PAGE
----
# Structure of inputs to scipy minimize function

I have inherited some code that is trying to minimize a function using `scipy.optimize.minimize`. I am having trouble understanding some of the inputs to the `fun` and `jac` arguments

The call to minimize looks something like this:

``````result = minimize(func, jac=jac_func, args=(D_neg, D, C), method = 'TNC' ...other arguments)
``````

`func` looks like the following:

``````def func(G, D_neg, D, C):
#do stuff
``````

`jac_func` has the following structure:

``````def jac_func(G, D_neg, D, C):
#do stuff
``````

What I don't understand is where the `G` input to `func` and `jac_func` is coming from. Is that somehow specified in the `minimize` function, or by the fact that the `method` is specified as `TNC`? I've tried to do some research into the structure of this optimization function but I'm having trouble finding the answer I need. Any help is greatly appreciated

The short answer is that `G` is maintained by the optimizer as part of the minimization process, while the `(D_neg, D, and C)` arguments are passed in as-is from the `args` tuple.

By default, `scipy.optimize.minimize` takes a function `fun(x)` that accepts one argument `x` (which might be an array or the like) and returns a scalar. `scipy.optimize.minimize` then finds an argument value `xp` such that `fun(xp)` is less than `fun(x)` for other values of `x`. The optimizer is responsible for creating values of `x` and passing them to `fun` for evaluation.

But what if you happen to have a function `fun(x, y)` that has some additional parameter `y` that needs to be passed in separately (but is considered a constant for the purposes of the optimization)? This is what the `args` tuple is for. The documentation tries to explain how the args tuple is used, but it can be a little hard to parse:

args: tuple, optional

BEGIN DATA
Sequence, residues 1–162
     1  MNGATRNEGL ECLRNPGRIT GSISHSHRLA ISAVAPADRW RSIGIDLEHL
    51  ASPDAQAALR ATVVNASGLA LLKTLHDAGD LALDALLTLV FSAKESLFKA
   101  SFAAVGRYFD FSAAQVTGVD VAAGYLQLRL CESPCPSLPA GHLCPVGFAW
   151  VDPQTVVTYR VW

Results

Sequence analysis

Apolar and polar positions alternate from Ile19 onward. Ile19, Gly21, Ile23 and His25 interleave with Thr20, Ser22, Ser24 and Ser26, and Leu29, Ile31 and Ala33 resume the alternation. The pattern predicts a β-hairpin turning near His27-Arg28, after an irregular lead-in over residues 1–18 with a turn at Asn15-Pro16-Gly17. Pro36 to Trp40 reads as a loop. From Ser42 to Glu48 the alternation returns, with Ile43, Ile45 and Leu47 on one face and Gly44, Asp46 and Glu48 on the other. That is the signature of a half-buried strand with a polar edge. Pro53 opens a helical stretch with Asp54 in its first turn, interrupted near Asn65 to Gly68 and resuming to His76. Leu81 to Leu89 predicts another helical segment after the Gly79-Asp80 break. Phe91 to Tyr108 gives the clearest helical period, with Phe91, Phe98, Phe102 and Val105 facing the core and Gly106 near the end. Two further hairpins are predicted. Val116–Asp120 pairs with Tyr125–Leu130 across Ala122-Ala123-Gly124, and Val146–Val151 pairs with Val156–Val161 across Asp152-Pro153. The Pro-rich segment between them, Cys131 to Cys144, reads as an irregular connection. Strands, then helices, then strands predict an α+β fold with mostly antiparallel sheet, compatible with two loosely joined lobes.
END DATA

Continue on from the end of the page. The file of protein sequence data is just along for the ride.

Extra arguments passed to the objective function and its derivatives (Jacobian, Hessian).

Effectively, `scipy.optimize.minimize` will pass whatever is in `args` as the remainder of the arguments to `fun`, using the asterisk arguments notation: the function is then called as `fun(x, *args)` during optimization. The `x` portion is passed in by the optimizer, and the `args` tuple is given as the remaining arguments.

So, in your code, the value of the `G` element is maintained by the optimizer while evaluating possible values of `G`, and the `(D_neg, D, C)` tuple is passed in as-is.

• Nice explanation! Usually you would give a guess as to what you expect `G` to be, say `G0`. So instead of the form in the OP, you'd use `minimize(func, jac=jac_func, G0, args=(...,), ...)`. If you don't pass one, it usually starts at `G=1.` I think it's less confusing in this form, even if `G0=1.` as well. – askewchan Nov 7 '13 at 20:20
• I agree, it'd be nice to be more explicit about the initial guess for `G0` -- in fact I'd never seen a call to `minimize` that omitted it. – lmjohns3 Nov 7 '13 at 21:27
• @lmjohns3 @askewchan: the initial guess `x0` is not an optional parameter, as you can see in the documentation. The user must always explicitly specify it, and there is no default value. – pv. Nov 7 '13 at 22:46
• @pv. sure enough, thanks ! I've updated my answer just a bit to make it sound less like the minimizer is creating values for `x` from nowhere. – lmjohns3 Nov 7 '13 at 22:56
• @pv. good catch --- as it happens almost all of the `scipy.optimize` functions require the starting point, except of course the one I used most recently: `curve_fit`, which indeed has a default of `1.0`. I wonder why it's missing from the OP. – askewchan Nov 8 '13 at 1:36